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Apple is selling bonds for the second year with a new $12-billion (U.S.) debt issue. (BRENDAN MCDERMID/REUTERS)
Apple is selling bonds for the second year with a new $12-billion (U.S.) debt issue. (BRENDAN MCDERMID/REUTERS)


Apple’s latest debt issue more iBond 1S than iBond 2 Add to ...

Apple’s new $12-billion (U.S.) debt issue is more iBond 1S than iBond 2. The iPhone maker is selling bonds for the second year, even though it has $151-billion of cash. The 2014-model debt issue’s main improvement on last year’s debut may be its smaller size.

Though it doesn’t on the face of it need the money, it’s logical for Apple to borrow. Domestic earnings aren’t sufficient to cover the company’s hefty dividend – $11-billion last year – and its plans to buy back $90-billion of stock within a few years. And like other U.S. companies making lots of money overseas, particularly in the technology and pharmaceutical sectors, repatriating cash would mean handing a slice of it to the Internal Revenue Service.

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Happily for chief executive officer Tim Cook, interest is tax-deductible. Combined with low market interest rates, debt is a very efficient source of funds for big returns of capital to shareholders – especially with bond investors eager to lend vast sums to giant companies like Apple, IBM and Microsoft while expecting only slim returns in excess of government bond yields.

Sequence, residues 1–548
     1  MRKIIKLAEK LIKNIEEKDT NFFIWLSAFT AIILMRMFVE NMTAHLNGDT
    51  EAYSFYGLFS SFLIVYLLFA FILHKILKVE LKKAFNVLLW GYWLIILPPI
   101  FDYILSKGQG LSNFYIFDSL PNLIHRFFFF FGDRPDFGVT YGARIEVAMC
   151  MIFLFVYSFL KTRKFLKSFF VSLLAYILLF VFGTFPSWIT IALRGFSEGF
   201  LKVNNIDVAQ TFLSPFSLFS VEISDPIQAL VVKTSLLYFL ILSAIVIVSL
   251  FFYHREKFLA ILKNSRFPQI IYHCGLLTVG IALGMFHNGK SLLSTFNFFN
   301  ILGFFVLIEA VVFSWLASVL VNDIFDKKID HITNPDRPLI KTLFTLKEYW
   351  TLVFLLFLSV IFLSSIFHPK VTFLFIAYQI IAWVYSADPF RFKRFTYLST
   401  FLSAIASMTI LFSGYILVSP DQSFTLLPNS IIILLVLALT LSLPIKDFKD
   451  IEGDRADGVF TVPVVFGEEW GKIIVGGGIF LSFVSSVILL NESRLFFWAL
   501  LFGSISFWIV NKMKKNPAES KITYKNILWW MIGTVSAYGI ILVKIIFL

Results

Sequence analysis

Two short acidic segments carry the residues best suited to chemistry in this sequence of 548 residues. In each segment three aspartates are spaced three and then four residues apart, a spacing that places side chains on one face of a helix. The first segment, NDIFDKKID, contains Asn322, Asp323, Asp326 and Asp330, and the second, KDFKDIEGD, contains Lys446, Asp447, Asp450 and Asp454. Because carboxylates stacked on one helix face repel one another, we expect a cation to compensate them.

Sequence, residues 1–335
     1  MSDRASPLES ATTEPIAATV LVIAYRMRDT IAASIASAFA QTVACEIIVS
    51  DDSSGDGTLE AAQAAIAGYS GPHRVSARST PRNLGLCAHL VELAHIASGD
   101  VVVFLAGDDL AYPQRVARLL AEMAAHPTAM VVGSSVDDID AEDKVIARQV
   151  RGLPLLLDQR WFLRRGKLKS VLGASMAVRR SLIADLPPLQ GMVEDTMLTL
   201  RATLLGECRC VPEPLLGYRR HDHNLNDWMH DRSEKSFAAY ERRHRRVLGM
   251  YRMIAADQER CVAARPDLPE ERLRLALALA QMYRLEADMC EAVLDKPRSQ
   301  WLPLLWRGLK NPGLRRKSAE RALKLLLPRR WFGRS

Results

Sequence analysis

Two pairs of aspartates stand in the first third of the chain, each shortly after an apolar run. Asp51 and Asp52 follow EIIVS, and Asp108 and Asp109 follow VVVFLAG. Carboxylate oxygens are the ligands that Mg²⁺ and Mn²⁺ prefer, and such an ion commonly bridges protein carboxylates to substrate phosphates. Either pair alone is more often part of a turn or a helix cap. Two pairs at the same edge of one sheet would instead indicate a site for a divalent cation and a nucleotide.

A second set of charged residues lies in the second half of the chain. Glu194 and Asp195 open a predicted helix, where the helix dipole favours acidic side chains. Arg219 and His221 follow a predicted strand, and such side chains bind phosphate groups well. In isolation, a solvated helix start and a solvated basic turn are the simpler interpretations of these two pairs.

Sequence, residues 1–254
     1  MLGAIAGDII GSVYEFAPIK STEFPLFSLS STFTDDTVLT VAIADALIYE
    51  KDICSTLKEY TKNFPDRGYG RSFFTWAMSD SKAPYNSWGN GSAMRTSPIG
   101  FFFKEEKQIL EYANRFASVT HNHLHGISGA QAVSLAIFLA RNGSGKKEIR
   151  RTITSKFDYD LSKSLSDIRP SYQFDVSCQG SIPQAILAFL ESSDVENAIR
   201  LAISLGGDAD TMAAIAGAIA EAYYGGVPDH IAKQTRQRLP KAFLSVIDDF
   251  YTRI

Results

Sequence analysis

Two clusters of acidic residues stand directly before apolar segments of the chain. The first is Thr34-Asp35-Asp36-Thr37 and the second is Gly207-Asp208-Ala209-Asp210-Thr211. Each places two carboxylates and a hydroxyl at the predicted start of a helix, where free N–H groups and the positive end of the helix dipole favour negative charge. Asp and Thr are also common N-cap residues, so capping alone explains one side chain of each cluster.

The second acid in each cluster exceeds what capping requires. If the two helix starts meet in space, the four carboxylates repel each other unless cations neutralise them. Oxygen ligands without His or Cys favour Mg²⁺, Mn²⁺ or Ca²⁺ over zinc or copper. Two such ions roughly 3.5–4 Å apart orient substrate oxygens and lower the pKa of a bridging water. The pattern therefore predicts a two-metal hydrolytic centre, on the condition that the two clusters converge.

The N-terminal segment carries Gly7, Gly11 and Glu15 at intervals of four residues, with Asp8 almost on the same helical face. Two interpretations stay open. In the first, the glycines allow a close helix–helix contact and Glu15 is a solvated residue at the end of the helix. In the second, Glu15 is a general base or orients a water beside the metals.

Apple’s debut large-scale offering, a $17-billion effort a year ago, was timed to perfection. Part of it was 30-year debt yielding just 3.88 per cent. Investors still snapped up the bonds. Tech debt is relatively scarce, so Apple’s paper offered diversification. The issue’s size also meant the bonds would be liquid.

Last year’s 30-year notes now trade at under 90 cents per dollar of face value. To be fair that’s entirely because Treasury yields have increased. But it’s still a reminder how much a small change in yields can dent a long-term investment. Even so, investors were happy to give Apple another shot. The company’s newest offering, which like last year’s came in a range of maturities up to 30 years, attracted plenty of interest at spreads that are roughly the same as last time.

About the only thing investors have gained is that this year’s offering is smaller – an incremental improvement rather than anything radical, just as with Apple’s gadgets of late. Despite a very comforting balance sheet, though, tech life cycles can be brutally short. Certainly it’s hard to see Apple’s credit improving much or rates going down in the medium term. That suggests Apple’s new bonds are unlikely to reward investors any better than its last batch.

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